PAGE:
Parents Are Exposing Their Children To Chickenpox On Purpose Through "Chickenpox Parties", And Doctors Are Staunchly Against It
You sure have heard of a tea party, a masked party, a Halloween party and the likes, even if you have never attended one of them. But have you heard of a chickenpox party? Yes, you read that right.
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Chickenpox is a very contagious infection. This disease causes itchy blisters to erupt all over the body and causes symptoms such as fatigue, headaches, and fever.
Before the varicella vaccine became available, it used to be one of the most common childhood infections, but thanks to science, fewer cases are reported now.
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Sufferers of chickenpox often get well a few weeks after contracting the disease, if they are given proper treatment. However, it has also been known to be very dangerous for babies, pregnant women and for people with weak immune systems.
One would assume that, since a vaccine is readily available, parents would do well to get their kids vaccinated. Sadly, this isn't always the case.
It has been shown that many parents expose their children to the virus on purpose, and doctors have warned sternly against this practice.
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Uninfected kids are made to mingle with infected kids by their parents in the so called chickenpox parties in order to build immunity. And it seems this horrible practice has become a thing.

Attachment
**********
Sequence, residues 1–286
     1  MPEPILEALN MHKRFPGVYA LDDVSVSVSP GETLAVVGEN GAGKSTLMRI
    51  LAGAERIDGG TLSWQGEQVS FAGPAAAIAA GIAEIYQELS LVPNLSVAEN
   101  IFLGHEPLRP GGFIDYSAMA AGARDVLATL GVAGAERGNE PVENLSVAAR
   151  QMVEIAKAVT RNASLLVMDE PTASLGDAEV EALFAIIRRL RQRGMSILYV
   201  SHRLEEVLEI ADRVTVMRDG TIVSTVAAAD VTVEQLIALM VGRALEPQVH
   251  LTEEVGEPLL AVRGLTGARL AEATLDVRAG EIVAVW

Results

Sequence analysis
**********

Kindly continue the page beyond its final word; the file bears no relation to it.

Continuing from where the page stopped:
These weird and dangerous parties are being organized via private Facebook groups, investigations reveal. Some parents even have to travel far distances to get to these parties.
KUSA 9News, a news station investigating the matter, showed a screenshot of a mother who claimed to have been hounded by various parents to share her daughter's chickenpox.
Some parents keep the kids in a tent so that the proximity can hasten up the spread. Experts, however, have made it clear that purposeful infection isn't the answer and that the vaccine is much safer.
Most parents want their kids to build immunity early because, as adolescents, the infection can be much worse. It occurs as ‘shingles’ in teenagers and adults, and has much more severe symptoms.
Despite the argument for ‘natural, lifelong immunity,’ a vaccine shot can provide very similar results without the drawbacks.
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There are complications which arise from the virus, such as pneumonia, a shot will prevent them from occurring. The virus also increases the risk of getting some bacterial infections.
Another benefit of the vaccine is that it ensures the safety of the community. Kids who are put through chickenpox parties may end up mingling with, and unknowingly endanger, the whole community.
The Colorado Department Of Health and Environment supports vaccines as well. In a tweet, they encouraged parents to talk to their doctors in order to be better informed about the benefits of the vaccine.
Talk to your doctor about the chicken pox vaccine. It's recommended for kids between 12 and 15 months and again between 4 and 6 years. Older kids and adults who didn't have the vaccine or the disease also should get two doses. pic.twitter.com/CIAqBGO9z2— CDPHE (@CDPHE) October 18, 2018
Social media users have debated the issue substantially, with some supporting it and others vehemently standing against it. Doctors and medical experts have, however, strongly advise against chickenpox parties. Parents should do well to take heed.